Torah and Tradition
By Jason Jordan
Since entering into a Nazarene Israelite walk, my wife and I have noted significant differences with a great many things pertaining to this faith and our former lives as Christians. Along the way, some people on the fringe of this movement have asked questions and made valid enquiries as to the origin of customs, rituals and liturgies involved in keeping Shabbat and aspects of worship services. There is also a natural curiosity about the significance of the Torah portions, lighting of candles, wearing of the tallit and reciting the Shema. Naturally the instinctive reaction when facing an unfamiliar religious custom is to ask the one hundred-thousand dollar question, “is it Scripture?”
Firstly, it is worth pointing out that Scripture commands us to love YHWH (God) with all our hearts and with all our minds. Luke 10:27-28;"And he answering said, ‘You shall love the Master YHWH your Eloha (Mighty One) with all your lev (heart), and with all your being, and with all your strength, and with all your mind; and your neighbour as yourself.’” Therefore, can anyone accuse another of not being Scriptural when a daily routine is structured in a manner that causes the Creator to be a central focus (provided that it does not go against, replace or hinder Torah)? For example, an Orthodox Jew will say a blessing upon arising from sleep, after a bowel evacuation, after showering and after donning his daily attire. In fact, by the time a religiously observant Jew leaves the front door he has prayed and spoken blessings over nearly every aspect of his morning routine, no matter how seemingly mundane or trivial. His day proceeds literally immersed in continual acknowledgement of the Creator, through various means outlined in the Scriptures, such as adhering to specific prayer times (Psalms 88:13, 69:13) and giving thanks to YHWH for anything that occurs, whether good or bad (Ephesians 5:20). To the average Christian this lifestyle comes across as time consuming and impractical. But, constant immersion in Torah will eventually lead to precisely this method of conduct.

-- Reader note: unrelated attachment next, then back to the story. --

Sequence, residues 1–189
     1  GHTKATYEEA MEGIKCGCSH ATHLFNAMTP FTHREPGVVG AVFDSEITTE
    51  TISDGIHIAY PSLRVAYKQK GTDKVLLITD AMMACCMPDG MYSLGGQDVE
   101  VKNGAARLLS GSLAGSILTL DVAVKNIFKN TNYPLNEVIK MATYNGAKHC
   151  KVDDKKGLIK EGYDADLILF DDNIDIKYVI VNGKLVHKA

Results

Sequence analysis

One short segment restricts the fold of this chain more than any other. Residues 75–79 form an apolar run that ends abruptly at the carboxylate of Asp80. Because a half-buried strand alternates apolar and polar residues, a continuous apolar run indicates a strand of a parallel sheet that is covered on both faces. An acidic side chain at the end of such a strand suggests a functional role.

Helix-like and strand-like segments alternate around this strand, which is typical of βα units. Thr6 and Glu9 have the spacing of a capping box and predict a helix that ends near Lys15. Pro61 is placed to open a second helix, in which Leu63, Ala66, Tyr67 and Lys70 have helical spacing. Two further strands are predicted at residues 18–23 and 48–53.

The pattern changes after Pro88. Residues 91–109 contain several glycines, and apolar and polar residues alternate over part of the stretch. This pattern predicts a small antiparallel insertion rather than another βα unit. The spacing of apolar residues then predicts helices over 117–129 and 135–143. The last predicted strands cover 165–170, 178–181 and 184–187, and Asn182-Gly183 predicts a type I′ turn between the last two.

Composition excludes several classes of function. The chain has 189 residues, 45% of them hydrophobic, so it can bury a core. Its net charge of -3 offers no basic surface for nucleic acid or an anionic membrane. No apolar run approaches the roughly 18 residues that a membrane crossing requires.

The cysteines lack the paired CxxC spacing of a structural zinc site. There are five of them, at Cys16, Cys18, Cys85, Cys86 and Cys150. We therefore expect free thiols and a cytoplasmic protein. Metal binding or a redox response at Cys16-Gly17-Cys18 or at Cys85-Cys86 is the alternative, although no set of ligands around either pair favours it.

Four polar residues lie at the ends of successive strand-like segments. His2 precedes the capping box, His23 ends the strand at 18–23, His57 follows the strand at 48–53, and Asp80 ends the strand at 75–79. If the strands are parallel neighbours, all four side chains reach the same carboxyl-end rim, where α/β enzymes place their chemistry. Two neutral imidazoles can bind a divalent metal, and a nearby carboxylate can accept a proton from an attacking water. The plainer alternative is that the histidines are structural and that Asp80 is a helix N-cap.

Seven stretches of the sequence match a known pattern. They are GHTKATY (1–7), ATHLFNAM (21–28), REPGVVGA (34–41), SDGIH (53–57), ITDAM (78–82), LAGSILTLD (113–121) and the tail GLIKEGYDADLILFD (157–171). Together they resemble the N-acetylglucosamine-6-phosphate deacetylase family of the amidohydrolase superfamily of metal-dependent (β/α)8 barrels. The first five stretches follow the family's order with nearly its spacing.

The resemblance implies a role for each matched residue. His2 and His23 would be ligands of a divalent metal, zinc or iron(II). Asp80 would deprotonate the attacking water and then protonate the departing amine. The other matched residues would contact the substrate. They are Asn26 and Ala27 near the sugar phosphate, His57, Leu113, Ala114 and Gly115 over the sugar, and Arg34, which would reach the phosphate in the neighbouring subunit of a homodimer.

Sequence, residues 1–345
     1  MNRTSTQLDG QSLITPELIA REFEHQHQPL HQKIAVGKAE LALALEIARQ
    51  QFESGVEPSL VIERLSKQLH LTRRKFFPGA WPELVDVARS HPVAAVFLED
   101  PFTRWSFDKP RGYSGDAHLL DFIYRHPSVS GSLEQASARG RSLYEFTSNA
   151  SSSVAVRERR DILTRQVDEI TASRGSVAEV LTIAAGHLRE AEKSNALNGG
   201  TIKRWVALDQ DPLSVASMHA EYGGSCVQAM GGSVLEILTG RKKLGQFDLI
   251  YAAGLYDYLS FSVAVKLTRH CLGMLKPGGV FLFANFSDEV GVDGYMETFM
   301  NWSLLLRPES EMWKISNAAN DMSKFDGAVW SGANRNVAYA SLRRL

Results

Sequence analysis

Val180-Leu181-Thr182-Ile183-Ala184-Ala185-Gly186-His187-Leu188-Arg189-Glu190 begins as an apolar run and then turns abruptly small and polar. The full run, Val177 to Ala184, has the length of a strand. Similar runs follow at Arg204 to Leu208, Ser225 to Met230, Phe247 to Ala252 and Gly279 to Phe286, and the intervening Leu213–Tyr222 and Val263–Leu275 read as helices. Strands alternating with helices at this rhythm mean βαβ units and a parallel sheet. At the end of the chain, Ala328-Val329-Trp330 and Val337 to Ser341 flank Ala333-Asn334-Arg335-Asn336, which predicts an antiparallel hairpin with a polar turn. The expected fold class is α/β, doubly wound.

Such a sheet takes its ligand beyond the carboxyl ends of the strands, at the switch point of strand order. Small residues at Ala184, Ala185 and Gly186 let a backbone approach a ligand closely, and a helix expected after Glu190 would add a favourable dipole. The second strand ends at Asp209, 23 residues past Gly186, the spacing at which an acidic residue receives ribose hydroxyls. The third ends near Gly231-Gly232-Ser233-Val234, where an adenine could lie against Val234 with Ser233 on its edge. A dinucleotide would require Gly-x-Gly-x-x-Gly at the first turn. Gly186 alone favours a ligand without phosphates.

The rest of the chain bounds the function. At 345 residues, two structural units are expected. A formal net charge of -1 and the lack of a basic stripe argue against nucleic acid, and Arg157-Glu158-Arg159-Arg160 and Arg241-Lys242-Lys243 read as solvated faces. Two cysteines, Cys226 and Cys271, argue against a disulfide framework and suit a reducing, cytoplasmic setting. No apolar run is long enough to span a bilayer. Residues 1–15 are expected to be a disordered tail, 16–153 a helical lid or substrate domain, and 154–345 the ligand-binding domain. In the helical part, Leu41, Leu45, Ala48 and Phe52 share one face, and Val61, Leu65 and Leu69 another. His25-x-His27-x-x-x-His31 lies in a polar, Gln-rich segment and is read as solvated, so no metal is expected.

Contrary to popular yet misinformed belief, particularly in religious circles, traditions are not only absolutely permissible, but encouraged in Scripture. Customs that first appear in the writings of the prophets such as facing toward Jerusalem in prayer (Daniel 6:11), the ordinance to avoid idle chatter on Shabbat (Isaiah 58:13) and citing righteous ancestors in prayer (Psalms 116:16) highlight traditions as being an acceptable part of correct halakha (Torah observant conduct) throughout the Biblical period.
Perhaps no other tradition is so authoritatively presented in Scripture than the festival of Purim, in which Mordechai charges his fellow Jews to annually observe a time of “feasting and gladness” in Esther 9:20-23. The observance of Purim has been accepted by Jews as an official Biblical holiday since its institution.
Any type of ordinance or regular custom that is captured in Scripture that does not originally appear in the Torah shows a deeper aspect of spiritual service deciphered through intense study of the Torah itself. King David frequently refers to maintaining physically clean hands in relation to possessing a pure heart (Psalms 18;21,25, 24:4, 26:6), alluding to the value of the ritual washing of hands that according to a surface reading of Torah is only incumbent on the priesthood.
This chapter will delve into the concept of man-made tradition and highlight the differences between a good and bad tradition. Along the way it will show how some Judaic customs, assumed by many as poisonous hindrances to Torah, actually have strong Scriptural foundations.
Many people who have come out of false religious systems and had unbiblical practices thrust upon them, develop an “in-built” prejudice or suspicion toward man-made traditions in general. As a result the concept of traditions as a part of one’s obligation in fulfilling YHWH’s will can be hard to accept. For those who feel they fall into this category, this chapter will likely be a most valuable read.
The Hebrew word for “tradition” is m'soret, which literally means “to hand on” or “pass on” something. This word is only found once in the TaNaK (Old Testament) in Ezekiel 20:37; “And I will cause you to pass under the rod, and I will bring you into the bond of the brit (covenant).” The word “bond,” sometimes translated as “obligations” is better translated as “tradition,” therefore more accurately reading “…I will bring you into the tradition of the covenant.”
Scriptures View of Traditions